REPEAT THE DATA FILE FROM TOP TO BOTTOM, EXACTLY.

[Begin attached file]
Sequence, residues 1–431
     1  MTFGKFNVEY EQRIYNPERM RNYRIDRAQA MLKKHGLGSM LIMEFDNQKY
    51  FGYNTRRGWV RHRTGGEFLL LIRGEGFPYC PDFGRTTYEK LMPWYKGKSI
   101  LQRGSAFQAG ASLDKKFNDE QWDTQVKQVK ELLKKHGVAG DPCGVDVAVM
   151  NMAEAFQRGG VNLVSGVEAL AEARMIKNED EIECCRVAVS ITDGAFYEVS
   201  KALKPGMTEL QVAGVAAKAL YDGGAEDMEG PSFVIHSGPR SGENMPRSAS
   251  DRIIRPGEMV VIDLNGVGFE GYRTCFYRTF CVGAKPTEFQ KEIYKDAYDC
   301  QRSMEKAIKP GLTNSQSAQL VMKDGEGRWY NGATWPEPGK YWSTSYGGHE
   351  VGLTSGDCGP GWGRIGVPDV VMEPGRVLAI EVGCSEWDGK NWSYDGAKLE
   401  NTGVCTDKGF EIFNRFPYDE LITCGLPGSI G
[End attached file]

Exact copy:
Sequence, residues 1–431
     1  MTFGKFNVEY EQRIYNPERM RNYRIDRAQA MLKKHGLGSM LIMEFDNQKY
    51  FGYNTRRGWV RHRTGGEFLL LIRGEGFPYC PDFGRTTYEK LMPWYKGKSI
   101  LQRGSAFQAG ASLDKKFNDE QWDTQVKQVK ELLKKHGVAG DPCGVDVAVM
   151  NMAEAFQRGG VNLVSGVEAL AEARMIKNED EIECCRVAVS ITDGAFYEVS
   201  KALKPGMTEL QVAGVAAKAL YDGGAEDMEG PSFVIHSGPR SGENMPRSAS
   251  DRIIRPGEMV VIDLNGVGFE GYRTCFYRTF CVGAKPTEFQ KEIYKDAYDC
   301  QRSMEKAIKP GLTNSQSAQL VMKDGEGRWY NGATWPEPGK YWSTSYGGHE
   351  VGLTSGDCGP GWGRIGVPDV VMEPGRVLAI EVGCSEWDGK NWSYDGAKLE
   401  NTGVCTDKGF EIFNRFPYDE LITCGLPGSI G